gaming, hardware, linux, software November 26, 2016 Jack No comments

Steam Link + Generic Gamepad + Linux Host

Like a lot of people this week, I picked up a Steam Link for $20 from Amazon and it arrived yesterday.

Previously, I’ve used Steam home streaming to and from Linux hosts and I’ve been very pleased with its performance, especially over a wired connection. I streamed Skyrim from a Windows partition elsewhere to my media box running Arch and it even worked on the nouveau driver, so it seemed like a safe bet to invest $20 in a Steam Link to function as a sort of bluetooth KVM switch, so I could stream games and movies from any of the hosts in the house. This post isn’t to review the Link, however, it’s to clear up exactly how generic controllers (i.e. not the Steam Controller) work in Big Picture Mode (BPM) and how to resolve a couple of Linux configuration snafus.

A note on generic controllers

When I bought the Steam Link, I read that it supports the Wii U Pro Controller. I’ve got a couple of those laying around since we have a Wii U and they’re pretty nice controllers. Supported, in this case though, just means that the Link will properly pair with the controller and it has a good mapping between the Wii U Pro Controller’s buttons and the X-Box 360 controller it’s emulating. That’s it. It’s enough to get the Link interface and the BPM interface to work well, and nothing else.

What that means is that you should ignore Big Picture Mode’s controller mapping config. Seriously, the most confusing part of this whole experience was discovering that all the neat mapping functionality is Steam Controller only. I mean, I knew I couldn’t do all the cool stuff a Steam controller can like profiles and mode shifting etc. but I thought I could at least change simple button presses. I guess I should have taken the hint that the mapping controller is a picture of a Steam Controller and the descriptions all mention “Steam Controller” by name, but it convincingly allowed me to mess with settings it knew would never take.

Despite that, the bindings are still active and will still change on context. Even though you can’t actually change the bindings yourself in the interface, BPM will still alter the bindings based on whether you’re in Desktop Mode (normal Steam), BPM, or a game. This means it’s crucial when you setup bindings in a game that it was launched via Steam and not any other way.

This threw me off quite a bit because I thought it’d either be “Steam can configure this device” or “Steam won’t touch this device”, not “Steam will pretend to configure this device, fail, but then configure it implicitly when you do something anyway.” The latest Steam betas will warn you that you’re configuring a different controller, but will still frustratingly pretend that it’s actually going to try to make it work. It’d be nice if Valve made this more explicit by forbidding you to change the mapping, instead of it silently reverting to defaults.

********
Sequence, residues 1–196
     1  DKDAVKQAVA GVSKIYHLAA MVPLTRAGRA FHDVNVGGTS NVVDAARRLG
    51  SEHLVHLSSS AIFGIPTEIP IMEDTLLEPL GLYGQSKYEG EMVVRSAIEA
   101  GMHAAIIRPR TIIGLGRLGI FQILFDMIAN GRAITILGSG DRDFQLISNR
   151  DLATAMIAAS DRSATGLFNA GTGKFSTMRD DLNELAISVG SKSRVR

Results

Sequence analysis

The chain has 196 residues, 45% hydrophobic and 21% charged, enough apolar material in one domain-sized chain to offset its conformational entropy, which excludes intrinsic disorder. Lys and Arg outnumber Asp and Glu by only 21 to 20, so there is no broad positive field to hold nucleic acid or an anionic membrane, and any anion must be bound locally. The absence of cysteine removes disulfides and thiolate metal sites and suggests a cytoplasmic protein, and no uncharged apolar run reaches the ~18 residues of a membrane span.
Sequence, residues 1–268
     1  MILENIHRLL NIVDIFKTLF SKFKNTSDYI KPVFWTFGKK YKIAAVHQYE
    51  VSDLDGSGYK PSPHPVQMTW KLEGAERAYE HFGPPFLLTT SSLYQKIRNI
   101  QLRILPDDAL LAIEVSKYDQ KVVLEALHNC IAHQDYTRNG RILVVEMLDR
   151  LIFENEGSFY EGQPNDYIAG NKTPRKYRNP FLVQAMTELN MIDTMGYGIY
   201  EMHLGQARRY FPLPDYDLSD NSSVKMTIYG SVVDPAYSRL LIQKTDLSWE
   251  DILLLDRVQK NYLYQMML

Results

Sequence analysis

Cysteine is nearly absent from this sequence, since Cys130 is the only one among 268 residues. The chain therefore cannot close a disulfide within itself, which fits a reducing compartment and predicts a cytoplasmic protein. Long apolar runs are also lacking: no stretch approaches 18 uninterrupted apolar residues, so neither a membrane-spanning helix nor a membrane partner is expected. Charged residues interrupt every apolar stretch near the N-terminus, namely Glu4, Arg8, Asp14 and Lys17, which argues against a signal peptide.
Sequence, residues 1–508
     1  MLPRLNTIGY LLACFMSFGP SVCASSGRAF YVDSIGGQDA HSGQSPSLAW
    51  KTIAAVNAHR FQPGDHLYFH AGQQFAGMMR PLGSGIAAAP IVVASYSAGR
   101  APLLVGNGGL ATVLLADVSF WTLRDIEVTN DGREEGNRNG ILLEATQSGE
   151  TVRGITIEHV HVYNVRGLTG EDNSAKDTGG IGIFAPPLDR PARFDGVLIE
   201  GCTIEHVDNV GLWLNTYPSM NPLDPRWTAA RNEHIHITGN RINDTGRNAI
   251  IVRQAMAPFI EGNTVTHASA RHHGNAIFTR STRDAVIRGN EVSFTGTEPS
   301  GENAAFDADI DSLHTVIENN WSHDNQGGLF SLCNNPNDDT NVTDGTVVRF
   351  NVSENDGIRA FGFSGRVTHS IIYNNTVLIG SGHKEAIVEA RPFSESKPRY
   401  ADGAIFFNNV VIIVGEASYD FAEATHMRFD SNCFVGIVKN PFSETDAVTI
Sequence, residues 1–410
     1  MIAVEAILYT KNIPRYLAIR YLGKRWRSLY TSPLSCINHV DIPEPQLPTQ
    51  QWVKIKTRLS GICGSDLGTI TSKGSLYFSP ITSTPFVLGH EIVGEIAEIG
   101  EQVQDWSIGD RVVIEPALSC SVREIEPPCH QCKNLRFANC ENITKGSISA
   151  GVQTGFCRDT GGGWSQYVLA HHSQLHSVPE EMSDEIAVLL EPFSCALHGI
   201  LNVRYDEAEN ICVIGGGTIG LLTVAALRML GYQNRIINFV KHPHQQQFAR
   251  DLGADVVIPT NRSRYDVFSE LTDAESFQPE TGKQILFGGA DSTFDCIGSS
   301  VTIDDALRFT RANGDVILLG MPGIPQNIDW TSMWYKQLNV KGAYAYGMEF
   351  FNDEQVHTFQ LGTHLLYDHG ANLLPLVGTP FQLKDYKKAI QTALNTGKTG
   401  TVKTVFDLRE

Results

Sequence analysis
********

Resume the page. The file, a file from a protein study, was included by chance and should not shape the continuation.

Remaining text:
Fix constant display/video flickering on NVIDIA cards

The first real problem I faced was that connecting the Link to my Arch Linux system worked, but Steam in BPM would incessantly flicker. Not occasional frame tearing, but headache inducing strobe flickering. [UPDATE: Now that I’ve tested on better hardware, I’ve found that this option is necessary to fix the more subtle flickering of full motion video too. ] I’m not sure how to fix this on nouveau, but I switched to the proprietary driver and after invoking this command:

the flickering stopped. Note that you’ll need to customize the mode definition. HDMI-0 is the adapter, 1920x1080_60 is the mode (resolution and refresh rate) and screen offset. All of this information you can query from “xrandr -q” if you’re unsure. For example, here’s the xrandr output on this computer:

You can see the adapter name, the resolution, the offset (+0+0), and the refresh rate is listed in the current mode (60.00*).

You could automate this either by using nvidia-settings to write your Xorg conf, or you can just invoke this command once before you start steam on the host. Personally, using an XDG autostart compatible WM (like Cinnamon, or Openbox), I just have it in an autostart script so my xorg.conf is still (mostly) auto-generated.

Fix Big Picture Mode cursor confusion

The next problem that I faced was that Big Picture Mode had a big blue mouse cursor on it, a Linux desktop cursor, in addition to it’s highlight cursor and all of them were out of sync. It made it very hard to tell just what exactly you’re doing in the interface. Initially, I thought it was Steam’s bindings getting confused but it’s actually Xorg trying to be helpful. When you connect a generic controller to the Steam Link, it forwards the traffic over the network as a virtual X-Box 360 controller. Xorg sees that device and says “oh hey, a joystick device, I know what to do with that!” and attaches the mouse.

If we were plugging a controller into a standard Linux desktop, this would be a lifesaver, but since our interface is specialized to use the controller it’s just confusing. So, the solution here is to tell Xorg to stop.

After restarting X, this will keep Xorg from automatically connecting the mouse cursor to your gamepad stick and leave Steam alone.

That’s pretty much all I had to do to get basic Link functionality up and running when connecting to a Linux host.

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